Hey this is not an issue but rather a question.
In the creation process of the native wallet provided by Brave there is only ONE seed phrase requested to backup but then, when I open the wallet I see there are multiple chains (which is great) but I was wondering how is that ONE seed phrase was provided when I can use Ethereum, Solana and Filecoin.
I understand thar for all the EVM compatible chains the seed phrase can be the same as the Ethereum one. But how is that Solana and Filecoin share a seed phrase with Ethereum?
I hope I am being clear so you can sort out my question.
This is the expected and desired behaviour, which we are able to achieve thanks to a decade-old cryptographic trick pioneered by Bitcoin called BIP32.
The seed generated by Brave Wallet during onboarding is the master seed, and we deterministically derive unique internal private keys for each cryptocurrency (Ethereum, Solana, Filecoin), and furthermore, for each account. This technique is chain-agnostic, and forward-compatible, meaning that when we add Bitcoin support in Brave Wallet, you won’t be required to create a new seed.
You’re right that EVM compatible chains share the same private key, but we have mechanics in place to prevent the signature on one EVM chain from being used in another one.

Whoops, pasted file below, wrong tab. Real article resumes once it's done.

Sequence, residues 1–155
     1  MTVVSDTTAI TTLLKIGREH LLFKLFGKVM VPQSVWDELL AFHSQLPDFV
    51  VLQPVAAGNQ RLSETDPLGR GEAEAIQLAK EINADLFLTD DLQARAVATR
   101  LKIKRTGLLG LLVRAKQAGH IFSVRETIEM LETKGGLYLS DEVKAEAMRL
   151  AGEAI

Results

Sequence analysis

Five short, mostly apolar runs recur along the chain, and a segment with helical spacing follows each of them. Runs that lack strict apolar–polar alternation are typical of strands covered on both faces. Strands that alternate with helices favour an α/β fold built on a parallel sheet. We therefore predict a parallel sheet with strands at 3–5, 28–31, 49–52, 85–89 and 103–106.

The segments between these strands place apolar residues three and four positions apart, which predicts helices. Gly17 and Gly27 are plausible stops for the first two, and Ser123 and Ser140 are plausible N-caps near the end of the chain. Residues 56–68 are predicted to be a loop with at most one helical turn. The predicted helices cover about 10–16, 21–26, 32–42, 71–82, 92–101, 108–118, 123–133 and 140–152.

If you want to read more about this, you can try searching for “HD Wallets” (there are plenty of great resources on YouTube).
This is awesome! Thanks for your response and thanks for the insights and information to deep diver in this topic.
I have a question now; lets say I backup the master seed but I dont backup the internal seed of any of the supported chains, will I be able to restore one of those internal addresses using other wallet that is not Brave Wallet?
If you can provide me more insights for me to research I will be very grateful, this topic is quite interesting to me.
Hey @onyb, any insights?
Yes, totally. The keyword to focus on is “deterministic”. As long as you have your master seed (represented by the 12/24 words recovery phrase), we’ll know exactly how to derive the internal private keys for each of your accounts and blockchains. The derivation mechanism is a public standard, which means you can safely migrate to other wallets permissionlessly and retain full access to all the blockchains you previously used on Brave Wallet. One of the things I love about self-custodial crypto wallets!
Also wanted to mention here that it’s possible to export the internal private key for a specific account, if you’re not willing to migrate your full master seed to another wallet.